Asparagus come in three main types: green, purple, and white. Technically, white is not a variety but is cultivated in a way that inhibits photosynthesis, leaving the asparagus white.
Another consideration when choosing asparagus plants: they are either male or female. Though both types will yield delicious stalks, most gardeners prefer male plants because they grow larger and more numerous than females which have the hard job of producing seeds and seedlings. Fortunately, you don’t need female plants for an asparagus garden: researchers have developed all-male varieties of asparagus that have become very popular.
Green asparagus is by far the most popular type of asparagus plant and it grows almost anywhere. It is characterized by bright green stalks with pointed tips that are often purple. A bit grassy in flavor, green asparagus is considered the most nutritious type and has the most fiber. Popular green asparagus varieties include Jersey Giant, Apollo, and Mary Washington.
Purple asparagus was developed in Italy and is relatively rare in the U.S. It gets its color from high levels of anthocyanins, which are high in antioxidants. Purple asparagus is somewhat nuttier and sweeter than green asparagus because it has about 20% more sugar. Despite its ‘royal’ skin, purple asparagus is green or white inside the stalk and will turn green when cooked. To enjoy its original color on your plate, eat it raw or lightly steamed. Popular purple asparagus varieties include Purple Passion and Pacific Purple.
White asparagus is essentially green asparagus grown underground. Farmers cultivate white asparagus by covering the shoots with dirt or black tarp as they grow to shut out the sunlight, so the plants don’t produce chlorophyll. White asparagus is most commonly grown and served in Europe where locals refer to it as “white gold,” “edible ivory,” and “the royal vegetable.” White asparagus is said to be less bitter and more tender than green asparagus. It also tends to be thicker than green varieties making it perfect for grilling. Precoce D’Argenteuil produces a lovely white asparagus with pale pink tips.
Before choosing your asparagus plants, take a moment to consider how you will use your asparagus and the colors, flavors, and sizes you prefer. It’s important to choose your asparagus varieties carefully, because asparagus plants can last in your garden for decades! Characteristics to consider include:
- Hybrid or heirloom
- Male or female
- Flavor and texture
- Growing method
Heirloom and hybrid varieties of asparagus each have different advantages. Heirlooms are old-time varieties, open-pollinated, and saved and handed down through multiple generations of families. Usually, they cost less than hybrid seeds. Many gardeners believe the fruits of heirloom plants taste better. Hybrids, on the other hand, are created by crossing two selected varieties, sometimes resulting in vigorous plants that yield more than heirlooms. Many hybrid varieties have also been developed to resist pests and diseases that can affect the plants and make them hardier in adverse climate or growing conditions.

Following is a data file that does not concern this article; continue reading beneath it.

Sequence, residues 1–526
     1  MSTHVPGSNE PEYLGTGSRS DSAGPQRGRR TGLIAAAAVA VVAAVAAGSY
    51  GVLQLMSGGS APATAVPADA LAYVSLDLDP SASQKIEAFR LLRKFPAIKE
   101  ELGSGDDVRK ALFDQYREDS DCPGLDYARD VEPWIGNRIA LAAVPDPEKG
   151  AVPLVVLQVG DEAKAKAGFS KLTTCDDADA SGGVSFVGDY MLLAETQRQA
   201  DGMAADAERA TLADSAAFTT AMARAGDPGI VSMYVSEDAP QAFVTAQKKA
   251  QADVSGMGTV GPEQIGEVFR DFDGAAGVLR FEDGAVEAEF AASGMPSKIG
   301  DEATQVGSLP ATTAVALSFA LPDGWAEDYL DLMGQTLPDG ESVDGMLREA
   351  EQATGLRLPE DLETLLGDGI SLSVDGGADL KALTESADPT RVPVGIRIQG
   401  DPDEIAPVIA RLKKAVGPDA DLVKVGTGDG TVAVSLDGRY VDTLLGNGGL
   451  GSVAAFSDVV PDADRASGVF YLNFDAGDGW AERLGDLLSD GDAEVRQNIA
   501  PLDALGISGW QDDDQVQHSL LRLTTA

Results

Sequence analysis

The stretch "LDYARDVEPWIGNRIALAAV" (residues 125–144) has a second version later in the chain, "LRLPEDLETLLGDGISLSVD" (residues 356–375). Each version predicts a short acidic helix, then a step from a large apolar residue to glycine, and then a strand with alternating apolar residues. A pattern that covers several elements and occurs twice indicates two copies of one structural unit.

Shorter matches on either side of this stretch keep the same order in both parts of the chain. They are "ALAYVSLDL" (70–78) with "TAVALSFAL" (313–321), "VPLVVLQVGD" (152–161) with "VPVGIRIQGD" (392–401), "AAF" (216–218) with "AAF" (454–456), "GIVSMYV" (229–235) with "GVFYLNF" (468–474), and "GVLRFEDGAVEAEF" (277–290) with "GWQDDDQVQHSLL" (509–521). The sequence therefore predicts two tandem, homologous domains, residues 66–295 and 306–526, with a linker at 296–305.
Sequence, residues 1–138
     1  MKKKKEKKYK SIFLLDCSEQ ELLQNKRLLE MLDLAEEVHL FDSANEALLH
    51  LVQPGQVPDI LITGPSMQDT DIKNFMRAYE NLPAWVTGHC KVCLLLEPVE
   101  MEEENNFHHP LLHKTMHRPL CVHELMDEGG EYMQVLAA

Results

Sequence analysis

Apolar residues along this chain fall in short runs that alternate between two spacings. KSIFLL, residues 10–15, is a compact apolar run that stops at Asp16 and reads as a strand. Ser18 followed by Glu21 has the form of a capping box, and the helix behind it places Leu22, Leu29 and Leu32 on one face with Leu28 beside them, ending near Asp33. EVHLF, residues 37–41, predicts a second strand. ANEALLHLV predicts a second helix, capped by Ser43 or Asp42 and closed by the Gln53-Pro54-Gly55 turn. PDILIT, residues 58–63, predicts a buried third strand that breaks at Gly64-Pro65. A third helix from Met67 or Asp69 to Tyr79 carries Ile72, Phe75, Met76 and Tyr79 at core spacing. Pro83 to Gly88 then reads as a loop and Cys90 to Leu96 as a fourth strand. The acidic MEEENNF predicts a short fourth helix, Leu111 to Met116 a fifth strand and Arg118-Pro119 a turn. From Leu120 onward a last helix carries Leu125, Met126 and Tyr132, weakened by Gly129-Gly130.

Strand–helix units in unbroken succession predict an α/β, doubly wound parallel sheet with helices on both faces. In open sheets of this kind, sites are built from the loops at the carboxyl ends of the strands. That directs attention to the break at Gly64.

Asparagus plants come in male or female types. Because the females use energy to produce seeds, they generally yield a smaller crop. Most gardeners, therefore, prefer male plants, and some varieties have been hybridized to produce only male plants.
Different types of asparagus plants have slightly different flavors and textures. Green asparagus—the most common—has a slightly grassy flavor with a high degree of fiber and superior nutrition. Its flavor and texture goes well with butter, lemon, eggs, salads, and most seafood, poultry, and meats. White asparagus tends to be more fibrous, with woody stems that should be trimmed before cooking. Because of its density, white asparagus takes longer to cook than other types and lends itself to grilling. It is most often served whole with melted butter or hollandaise sauce. Purple asparagus has a sweet, nutty flavor owing to the higher amount of sugar in it than other varieties. This type will turn green when cooked, so it’s best served raw in salads or lightly steamed to preserve its unusual color.
To grow white asparagus, gardeners have to keep it in the dark, so it doesn’t photosynthesize. Typically, the plant is covered with dirt or a black tarp as it grows. This added step means more work for the gardener, but lovers of white asparagus say it’s worth it!
Have you tried growing different types of asparagus? Which do you prefer? Please share your opinion in the comment section below.